What to Do if You’re Not a Morning Person

Mornings are the worst. The hazy headspace, the heavy eyelids, the leaden steps… Everything about everything makes you want to slump over. And. Just. Not.

not a morning person

The only thing worse than mornings are morning people. They complete a day’s worth of work or run a half marathon before you convince your body to stagger its way into the shower. Even that would be endurable if they weren’t so darn chipper about how wonderful mornings are.

We get it, and we’ve got a few ideas to help. Here’s what to do if you’re not a morning person.

Night Allowed

Our culture views morning people as the purveyors of productivity and success, while dismissing night lovers as suffering from some kind of disorder. But that’s wrongheaded. Night owls can be as productive (and healthy) as morning larks and tend to have larger social networks. One study has even suggested that our genes, not our choices, determine our preferred circadian rhythm.

So, consider embracing your natural night owl. If your job permits, schedule working from home whenever you feel most productive, and adjust chores, exercise, and family commitments accordingly. Be sure to inform your colleagues and family about your new schedule so they can adjust their expectations of what you can do and when.

Fun Fact: Night owls may be at a higher risk of dying sooner than morning larks, and one potential cause is the stress of being forced into a morning-favored routine. You may find switching things up improves your health and work-life balance.

Retrain Your Brain

In our morning-centric world, the 9-to-5 work day is viewed as “normal,” so a night-focused schedule may not be an option. If you have to rise with the sun, there are practices you can adopt to ease yourself into a new circadian rhythm.

Get Enough Sleep. This seems obvious, but it can be tricky as there’s no one-size-fits-all amount of sleep. Most working-age adults require between seven and nine hours a night, but the number can vary. Find out what you need, and don’t rack up sleep debt.

Shift Your Schedule Gradually. Don’t try to go from night owl to morning lark all at once. Your body and mind will turn against you in groggy revolt. If you typically wake up at 10 a.m., move your alarm back to 9:45 for a week. Once you acclimate, move it back to 8:30, and keep going until you reach your desired wake-up time.

Stay Consistent. Go to bed, and wake up at the same time every day of the week. If you yo-yo between different times, your mind and body won’t be able to find a rhythm. We recommend staying consistent even on weekends—at least until you’ve fully adjusted—but you also need your time to rest, relax, and socialize, so a cheat night may be worth it.

Exercise and Nap. Exercises will help you adjust to your new schedule, but when to work out depends on you. Some people find exercising in the morning wakes them up. Others find working out in the afternoon helps them get to sleep. Discover what kind of person you are.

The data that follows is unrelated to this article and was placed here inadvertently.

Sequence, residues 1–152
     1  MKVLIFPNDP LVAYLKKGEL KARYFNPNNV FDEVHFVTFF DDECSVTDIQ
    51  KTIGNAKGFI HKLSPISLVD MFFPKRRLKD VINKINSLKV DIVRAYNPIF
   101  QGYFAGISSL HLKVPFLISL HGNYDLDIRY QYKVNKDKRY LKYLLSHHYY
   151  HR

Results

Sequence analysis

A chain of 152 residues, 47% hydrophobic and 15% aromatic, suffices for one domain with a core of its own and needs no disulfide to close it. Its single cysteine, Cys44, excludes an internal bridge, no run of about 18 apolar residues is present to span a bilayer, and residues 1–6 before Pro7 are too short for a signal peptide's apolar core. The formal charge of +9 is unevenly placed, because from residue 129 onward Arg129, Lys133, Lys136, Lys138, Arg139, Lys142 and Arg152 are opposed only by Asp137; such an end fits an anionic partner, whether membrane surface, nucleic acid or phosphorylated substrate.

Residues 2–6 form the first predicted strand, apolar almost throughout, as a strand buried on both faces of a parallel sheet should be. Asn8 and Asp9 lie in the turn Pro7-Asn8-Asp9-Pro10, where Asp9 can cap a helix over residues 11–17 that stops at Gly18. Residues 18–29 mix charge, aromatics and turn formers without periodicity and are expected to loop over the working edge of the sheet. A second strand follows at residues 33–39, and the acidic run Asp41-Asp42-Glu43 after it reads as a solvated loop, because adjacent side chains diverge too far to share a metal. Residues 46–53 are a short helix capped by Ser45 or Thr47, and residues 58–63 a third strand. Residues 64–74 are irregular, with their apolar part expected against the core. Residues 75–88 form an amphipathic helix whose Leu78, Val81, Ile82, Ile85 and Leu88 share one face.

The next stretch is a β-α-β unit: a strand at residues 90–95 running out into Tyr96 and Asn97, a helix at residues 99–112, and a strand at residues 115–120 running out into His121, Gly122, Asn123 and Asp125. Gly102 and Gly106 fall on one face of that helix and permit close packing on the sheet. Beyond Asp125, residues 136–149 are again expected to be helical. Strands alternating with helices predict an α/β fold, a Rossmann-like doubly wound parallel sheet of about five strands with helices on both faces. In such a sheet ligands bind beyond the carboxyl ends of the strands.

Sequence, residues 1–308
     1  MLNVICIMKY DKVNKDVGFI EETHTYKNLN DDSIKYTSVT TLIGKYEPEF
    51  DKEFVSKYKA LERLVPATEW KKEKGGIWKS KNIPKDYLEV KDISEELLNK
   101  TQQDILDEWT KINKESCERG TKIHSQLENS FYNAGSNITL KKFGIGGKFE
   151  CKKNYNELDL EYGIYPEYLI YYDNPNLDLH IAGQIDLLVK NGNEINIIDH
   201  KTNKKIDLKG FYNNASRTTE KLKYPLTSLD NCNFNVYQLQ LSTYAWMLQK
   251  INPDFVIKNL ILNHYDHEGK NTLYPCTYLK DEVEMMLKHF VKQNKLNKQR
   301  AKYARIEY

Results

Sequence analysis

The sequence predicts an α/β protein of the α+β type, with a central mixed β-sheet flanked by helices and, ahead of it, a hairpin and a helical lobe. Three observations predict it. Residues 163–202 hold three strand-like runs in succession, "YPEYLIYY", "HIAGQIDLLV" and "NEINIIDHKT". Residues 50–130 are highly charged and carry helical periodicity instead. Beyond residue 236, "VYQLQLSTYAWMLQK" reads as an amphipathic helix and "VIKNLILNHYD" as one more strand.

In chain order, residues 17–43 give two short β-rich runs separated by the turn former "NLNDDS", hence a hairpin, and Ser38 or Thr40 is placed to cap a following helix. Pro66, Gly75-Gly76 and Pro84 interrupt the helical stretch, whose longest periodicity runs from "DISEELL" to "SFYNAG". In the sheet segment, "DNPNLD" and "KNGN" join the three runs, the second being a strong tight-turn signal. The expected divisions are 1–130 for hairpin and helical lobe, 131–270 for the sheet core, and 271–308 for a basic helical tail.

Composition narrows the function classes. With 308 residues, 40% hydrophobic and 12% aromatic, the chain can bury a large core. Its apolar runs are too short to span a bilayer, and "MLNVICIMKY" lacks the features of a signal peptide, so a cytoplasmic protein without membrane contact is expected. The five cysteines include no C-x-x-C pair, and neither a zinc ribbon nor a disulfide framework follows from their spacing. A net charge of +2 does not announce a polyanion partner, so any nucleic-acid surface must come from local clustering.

Naps provide extra energy that can propel you through an afternoon slump. But nap judiciously. Limit naps to about 25 minutes, and be sure not to doze too close to bedtime.

Improve Sleep Hygiene

We focus a lot on when we sleep, but we should also be focusing on how we sleep. Modern environments are very different than the environments our circadian rhythms evolved in, so they present unique challenges to good night’s rest.

Whether you’re a night owl or morning lark, these tips can help you improve your sleep hygiene:

  • Prepare for tomorrow today. Prepping lunches, outfits, etc., prevents mental restlessness from keeping you awake.
  • Skip work or stimulating entertainment just before bed. Take time to unwind instead.
  • Silence intermittent sounds such as running dryers and cellphone notifications.
  • Go Goldilocks. Your room shouldn’t be too warm or too cold, and your bed should be comfortable.
  • Keep a dark room. Remove LEDs and buy blackout curtains if street lights stream through your windows.
  • Don’t use screens before bed. The blue light of TVs, monitors, and cellphones prevents your brain from releasing melatonin, keeping you alert and awake.
  • And don’t use a snooze button. It wrecks your REM cycle.
  • Eat healthily. A breakfast like fruit and yogurt will help dissipate morning grogginess.

With these tips and tricks, you’re ready to assume your destiny as a morning person. Or maybe not. Truth is, it doesn’t matter. What matters is that you find a circadian rhythm that works for your job, your life, and your health. So, don’t worry if you’re not a natural morning person. They’re annoyingly perky anyway.

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